Fair-skinned Italian woman, with pink bangs, hoop earrings and a cap. Wearing a black hooded jacket and blue t-shirt, sitting on a blue couch with square print.

CONTENT/TRIGGER WARNING: Child sexual abuse, incest, survivor

Hi my name is Chiara
I’m an artist, and a writer and an organizer
I’m also studying acupuncture

I’m 34
I’m Italian
I immigrated here as a teenager

my pronouns are she and her
and I identity as queer

I live in the Midwest right now
I’m also a mother to two teenage daughters that I had as a teenager
I’m also a survivor of child sexual abuse for my whole childhood by both my mother and my father

#Outing CSA #HEAL2End #Survivor

Colorlines interview about The HEAL Project Reposted

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HEAL Project Tackles Child Sexual Abuse Using Survivors’ Videos, Theater and Social Media

Survivor Ignacio Rivera’s HEAL Project aims to end child sexual abuse ‘by making visible the hidden tools used to guilt, shame, coerce and inflict violence onto children.’

A photo of Ignacio Rivera, wearing a black hoodie and a gray shirt, with hands clasped at chest, in front of a blue background
Ignacio Rivera 
Photo: Gabriel Garcia Roman

Ignacio Rivera—a child sexual abuse survivor as well as a “transgender, Two-Spirit, Black-Boricua Taíno and queer activist, writer, educator and artist”—has dedicated their life to breaking silences. With their new HEAL (Hidden Encounters Altered Lives) Project, Rivera is using theater, social media campaigns and sex education for parents and guardians to interrupt the cycle of this often buried form of abuse.

A Pervasive but Underreported Problem

Research about the incidence of child sexual abuse in the United States is often prefaced with a disclaimer about the likelihood of underreporting because of stigma. According to a 2010 report to Congress by the Department of Health and Human Services, of the 1.25 million children neglected or physically abused, 24 percent were sexually abused. This translates to approximately 1 in every 15 children.

The report also found that girls are much more likely to be sexually abused than boys, and Black and Hispanic children are abused at higher rates than their White counterparts. But the bottom line, Rivera says, is that “child sexual abuse is something that affects all of us. Someone you know is a survivor of child sexual abuse, or you are.”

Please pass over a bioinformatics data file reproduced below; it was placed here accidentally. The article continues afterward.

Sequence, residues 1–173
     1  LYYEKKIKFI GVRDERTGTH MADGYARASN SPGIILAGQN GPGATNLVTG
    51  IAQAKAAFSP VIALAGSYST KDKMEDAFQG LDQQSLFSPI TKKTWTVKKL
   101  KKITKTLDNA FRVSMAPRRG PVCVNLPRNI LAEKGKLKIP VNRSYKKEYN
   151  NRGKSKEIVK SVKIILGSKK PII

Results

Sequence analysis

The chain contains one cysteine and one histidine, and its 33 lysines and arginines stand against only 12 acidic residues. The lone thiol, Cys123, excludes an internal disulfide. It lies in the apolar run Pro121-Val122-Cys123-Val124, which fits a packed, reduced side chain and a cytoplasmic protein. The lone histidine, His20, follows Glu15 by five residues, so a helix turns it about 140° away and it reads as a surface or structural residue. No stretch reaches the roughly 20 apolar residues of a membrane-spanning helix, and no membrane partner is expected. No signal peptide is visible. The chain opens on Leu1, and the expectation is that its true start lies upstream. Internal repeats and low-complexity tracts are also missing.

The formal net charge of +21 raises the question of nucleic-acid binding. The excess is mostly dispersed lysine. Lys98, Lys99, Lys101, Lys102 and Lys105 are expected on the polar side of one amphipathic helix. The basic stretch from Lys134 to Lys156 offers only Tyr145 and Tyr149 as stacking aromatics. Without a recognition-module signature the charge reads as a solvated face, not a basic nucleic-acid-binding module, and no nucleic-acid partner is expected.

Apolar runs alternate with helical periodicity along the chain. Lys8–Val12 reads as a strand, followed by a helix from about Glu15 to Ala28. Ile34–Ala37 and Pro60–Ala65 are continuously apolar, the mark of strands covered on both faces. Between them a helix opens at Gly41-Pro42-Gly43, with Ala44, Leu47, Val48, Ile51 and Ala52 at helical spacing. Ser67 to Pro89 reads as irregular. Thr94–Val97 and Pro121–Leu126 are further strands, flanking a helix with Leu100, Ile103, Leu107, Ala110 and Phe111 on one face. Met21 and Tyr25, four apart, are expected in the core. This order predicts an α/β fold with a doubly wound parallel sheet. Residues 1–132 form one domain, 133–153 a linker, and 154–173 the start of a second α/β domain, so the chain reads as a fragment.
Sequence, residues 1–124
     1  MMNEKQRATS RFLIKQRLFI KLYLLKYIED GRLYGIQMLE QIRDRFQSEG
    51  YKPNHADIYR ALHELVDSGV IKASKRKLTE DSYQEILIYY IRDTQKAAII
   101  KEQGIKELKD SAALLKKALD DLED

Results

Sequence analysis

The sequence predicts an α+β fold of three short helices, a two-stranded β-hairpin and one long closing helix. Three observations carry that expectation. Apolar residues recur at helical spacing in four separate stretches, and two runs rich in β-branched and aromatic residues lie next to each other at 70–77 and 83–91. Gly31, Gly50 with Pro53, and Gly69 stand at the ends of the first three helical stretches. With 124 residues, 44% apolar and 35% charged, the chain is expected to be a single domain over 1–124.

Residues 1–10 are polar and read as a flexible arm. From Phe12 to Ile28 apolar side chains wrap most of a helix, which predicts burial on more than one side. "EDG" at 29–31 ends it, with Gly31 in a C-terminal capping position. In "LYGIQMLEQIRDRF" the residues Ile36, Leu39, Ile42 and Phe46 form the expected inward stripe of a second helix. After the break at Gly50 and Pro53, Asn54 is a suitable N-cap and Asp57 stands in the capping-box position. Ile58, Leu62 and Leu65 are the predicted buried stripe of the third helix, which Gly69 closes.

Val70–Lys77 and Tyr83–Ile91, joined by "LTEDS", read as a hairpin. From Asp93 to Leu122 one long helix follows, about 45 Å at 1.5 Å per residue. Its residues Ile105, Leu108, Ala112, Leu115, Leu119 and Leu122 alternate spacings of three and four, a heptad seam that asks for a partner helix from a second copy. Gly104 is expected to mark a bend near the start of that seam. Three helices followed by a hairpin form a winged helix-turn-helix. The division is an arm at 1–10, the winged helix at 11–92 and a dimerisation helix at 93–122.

Performance Art as Healing

Rivera has been sharing their own experience of child sexual abuse with audiences since 2001. What began as a poem became a one-person show called “Lágrimas del Cocodrilo” or “Crocodile Tears,” which Rivera toured with for four years. The show evolved over the years, incorporating more audience participation and interaction and opening the door for people to come out as survivors. “Once [after a show] I was in the bathroom washing my hands and this woman comes in. She stands there, looks at me and just loses it,” recalls Rivera. “She starts hysterically crying, falls to the floor and I hold her. [She says] ‘That’s my story, I’ve never told anyone.'” Rivera says they are often the first person that an audience member has talked to about their abuse and that those interactions led to the HEAL Project.

Making Visible the Hidden Tools

HEAL, which launched in January, has three components. The first is “Outing CSA,” a series of short videos of people identifying themselves by race, gender, sexuality, location, profession and their status as child sexual abuse survivors. The videos, says Rivera, are not about telling the story of the abuse itself but claiming the identity and experience. “There is no burying,” they say. “The shit sprouts. It comes up everytime.”

In addition to the video series, Rivera is working on a sex-education curriculum aimed at parents and guardians. “The culture of silence and shame around sex and sexuality creates a breeding ground for child sexual abuse,” Rivera has said. Rather than using what they call “fear-based approaches,” Rivera wants to use sex education as a tool for opening up honest dialogue between parents and guardians and their children. “When we think about sexuality in that context, we are teaching our children how to be better partners, better friends. [It’s] a cultural shift in the celebration of sexuality rather than shaming and hiding.”

Rivera has their own experiences building this kind of relationship with their daughter, who was born when they were 19. “The first four years of her life I was so losing it,” they recall. “In my teenage years I had already attempted suicide. When she was young, I thought about it every day. I wanted to die. But she was the thing that kept me going. As she approached the age I was when I was abused, it was really hard to parent. I didn’t want to see her naked, I didn’t want to change her diapers. But I started healing myself and got into therapy and I realized I needed to be open with her.”

Rivera says they enjoy an open relationship with their daughter, who is 26. They plan on traveling and talking with other parents and guardians to further shape the curriculum. “I want parents to tell me what they are afraid of, what they’ve talked to their kids about, [what] worked for [them], [what] didn’t, what [they’d] like to see.”

Rivera is also adamant about incorporating a race, class and queer analysis that makes sure their curriculum reaches marginalized communities. “With all of my work I center people of color, and queer and trans people,” they explain. “I feel like anyone who is at the margins [is] the most vulnerable for abuse.”

Pain and Progress

The last part of HEAL returns Rivera to their performance art roots with a theater project led by survivors. Rivera says that while the work is daunting, they do see significant progress since they began this public journey 15 years ago. “I think the shifts that have happened have been around talking about sex, kink, polyamory and sexual liberation, about what’s happening on campuses, rape culture and [the idea] that ‘consent is sexy.’ It’s being cracked wide open.”

HEAL is supported for two years by a new fellowship from the Just Beginnings Collaborative. Rivera is one of eight fellows, all people of color who have survived child sexual abuse. Despite this fellowship and their long history, Rivera insists they’re just an everyday person. “I’m no expert,” they say. “I’m just a survivor.”